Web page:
Wendy Tafur from Ecuador: Studying English/Creative Writing and Theatre at Seattle University

Wendy Tafur from Ecuador: Studying English/Creative Writing and Theatre at Seattle University

Why did you decide to study in the USA?

I decided to study in the USA because I’d had the opportunity to visit Seattle before and fell in love with the city. Moreover, I had a passion for literature I’d read by American writers, like Percy Jackson by Rick Riordan, and wanted to improve my English and write books like these so I thought the USA was fitting with my goals.

Why did you choose Seattle University?

I chose Seattle University because I knew the city and the university had a great location I knew I wanted to be a writer but I also had an interest in acting and theatre. Seattle University had an English/Creative Writing program that would make me read more and a Theatre program that would let me explore other areas besides acting. The small class sizes were an important factor for me as well because I wanted to be able to talk to my professors more and hoped that would bring me a better sense of community within the University besides being a place to study.

What do you like best?

The friends I’ve made and the sense of community I’ve found.

What do you miss most?

My family, my friends, my puppy, Ecuadorian food, Latin music... sometimes, the warmth of the culture that comes with Latin music, but I’m always glad to get my friends into it and trying to cook Ecuadorian dishes for others to try. 

How has this program helped you to handle future study at a U.S. university?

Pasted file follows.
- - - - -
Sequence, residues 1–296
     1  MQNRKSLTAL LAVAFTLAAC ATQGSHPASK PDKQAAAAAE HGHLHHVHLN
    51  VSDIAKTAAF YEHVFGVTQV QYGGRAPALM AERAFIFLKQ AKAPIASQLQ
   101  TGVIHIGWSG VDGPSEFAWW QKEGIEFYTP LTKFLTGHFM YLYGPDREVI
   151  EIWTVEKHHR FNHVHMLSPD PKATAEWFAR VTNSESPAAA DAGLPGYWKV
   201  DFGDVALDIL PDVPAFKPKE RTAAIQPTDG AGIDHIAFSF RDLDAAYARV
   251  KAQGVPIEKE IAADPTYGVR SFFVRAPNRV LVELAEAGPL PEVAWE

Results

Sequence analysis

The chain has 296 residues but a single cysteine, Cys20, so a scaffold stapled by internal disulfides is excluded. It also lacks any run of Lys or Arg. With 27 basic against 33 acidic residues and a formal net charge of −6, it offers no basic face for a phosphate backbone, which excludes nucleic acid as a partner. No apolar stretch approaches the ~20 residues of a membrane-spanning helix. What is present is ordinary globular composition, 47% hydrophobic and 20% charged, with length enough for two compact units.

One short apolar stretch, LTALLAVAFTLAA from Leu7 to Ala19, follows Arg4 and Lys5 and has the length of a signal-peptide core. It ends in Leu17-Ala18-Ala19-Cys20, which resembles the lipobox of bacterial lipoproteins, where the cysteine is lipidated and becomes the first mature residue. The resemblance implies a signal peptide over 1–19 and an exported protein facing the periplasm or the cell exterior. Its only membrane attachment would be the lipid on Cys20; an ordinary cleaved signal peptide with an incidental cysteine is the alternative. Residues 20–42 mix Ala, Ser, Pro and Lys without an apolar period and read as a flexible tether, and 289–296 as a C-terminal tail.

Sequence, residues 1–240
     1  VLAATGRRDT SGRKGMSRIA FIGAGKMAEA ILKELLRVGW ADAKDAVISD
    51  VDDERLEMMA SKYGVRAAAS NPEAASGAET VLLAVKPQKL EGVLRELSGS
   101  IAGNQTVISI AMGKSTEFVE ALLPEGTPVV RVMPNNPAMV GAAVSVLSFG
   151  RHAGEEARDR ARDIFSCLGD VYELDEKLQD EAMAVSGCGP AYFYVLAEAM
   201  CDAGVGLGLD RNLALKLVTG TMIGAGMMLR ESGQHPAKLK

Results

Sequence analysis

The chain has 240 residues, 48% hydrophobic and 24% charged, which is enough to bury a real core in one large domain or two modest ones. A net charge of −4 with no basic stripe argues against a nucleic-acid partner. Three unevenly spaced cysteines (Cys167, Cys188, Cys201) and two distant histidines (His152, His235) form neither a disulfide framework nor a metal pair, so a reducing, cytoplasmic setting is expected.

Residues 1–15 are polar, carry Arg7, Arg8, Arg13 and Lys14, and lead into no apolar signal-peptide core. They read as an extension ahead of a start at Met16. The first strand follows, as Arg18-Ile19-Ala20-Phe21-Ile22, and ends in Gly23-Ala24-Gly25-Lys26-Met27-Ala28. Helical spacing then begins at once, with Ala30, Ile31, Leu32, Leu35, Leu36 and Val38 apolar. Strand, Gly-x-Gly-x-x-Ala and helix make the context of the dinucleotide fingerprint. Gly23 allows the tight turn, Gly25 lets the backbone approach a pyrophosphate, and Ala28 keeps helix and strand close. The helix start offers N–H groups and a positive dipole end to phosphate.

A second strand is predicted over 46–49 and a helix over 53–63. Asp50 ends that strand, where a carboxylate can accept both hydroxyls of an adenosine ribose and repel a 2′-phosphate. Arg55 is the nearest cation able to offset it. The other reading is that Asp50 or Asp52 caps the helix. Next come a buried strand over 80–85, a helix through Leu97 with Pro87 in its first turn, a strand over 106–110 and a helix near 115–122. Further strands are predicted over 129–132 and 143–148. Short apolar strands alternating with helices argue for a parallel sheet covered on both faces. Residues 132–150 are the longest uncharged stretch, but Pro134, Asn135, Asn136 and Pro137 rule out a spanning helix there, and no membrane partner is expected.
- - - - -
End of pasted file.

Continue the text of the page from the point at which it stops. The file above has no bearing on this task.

I’ve been in Seattle University for four years now, and my English has improved because I don’t think about it too much now when I speak. Seattle University has definitely helped me pay more attention to the way I write and how I can make it better, clearer, and make my opinions supported by arguments.

What was your biggest surprise?

I was surprised by how important talking about social justice was in my university and Seattle. I liked how we were encouraged to have these conversations and discuss relevant issues and ways our studies and work can address that.

... your biggest disappointment?

I was a bit disappointed when I realized I was the only Ecuadorian student in my university my first years, so even when something big happened in my country, nobody knew.

How have you handled:

... language differences?

With humor, being honest with my friends and asking questions. It’s important to realize mistakes and questions are fine and your friends don’t expect you to be “perfect” that way.

... finances?

Finances got a lot easier when I learned to cook instead of just ordering takeout or eating mac and cheese five times a week.

... adjusting to a different educational system?

My university works in quarter system so it was very hard at first because everything is so fast paced. It helped to study with friends and get a planner.

What are your activities?

I am co-editor of a visual and literary arts magazine called Fragments for 2018, and a volunteer for various events in the International Student Center, including our International Dinner and one of the Orientation Leaders for international students. I’m also in a club called Student Alumni Ambassadors which works closely with alumni events and I work with the International Admissions Office.

How easy or difficult was making friends?

In Seattle, it’s weird sometimes because in the first week everyone wants to be friends with everyone but then groups start forming and then it’s hard to get in. But in clubs and student events it’s easy to meet people as long as you keep in touch.

How relevant is your U.S. education to your personal goals and to the needs of your country? 

I want to write fiction books and animated movies. Maybe musicals somewhere down the road. Studying in the U.S. has helped me so now I can do it in two languages and reach a larger audience, as I’ve always wanted. The experience has helped me learn more about different cultures and situations that I can talk about through fiction. I can show others what I’ve learned and I want to inspire others in my country as well.

What is your advice to other students who are considering a U.S. education?

Leaving your home country is hard, but it really makes you grow and realize the world is so big and your work can reach so many people so if you have the opportunity, take it.

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